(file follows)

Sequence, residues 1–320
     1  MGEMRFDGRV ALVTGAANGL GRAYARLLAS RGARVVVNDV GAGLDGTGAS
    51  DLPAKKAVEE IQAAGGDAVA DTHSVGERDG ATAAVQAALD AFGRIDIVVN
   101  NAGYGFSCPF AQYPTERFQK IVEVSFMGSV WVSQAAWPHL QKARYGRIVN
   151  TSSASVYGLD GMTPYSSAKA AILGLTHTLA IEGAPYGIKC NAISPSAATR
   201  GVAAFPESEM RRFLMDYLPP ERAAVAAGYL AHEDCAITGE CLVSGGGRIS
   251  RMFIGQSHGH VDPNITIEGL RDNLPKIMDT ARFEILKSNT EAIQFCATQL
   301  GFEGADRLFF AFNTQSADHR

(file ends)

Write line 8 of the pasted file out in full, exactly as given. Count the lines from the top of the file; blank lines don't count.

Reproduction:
   301  GFEGADRLFF AFNTQSADHR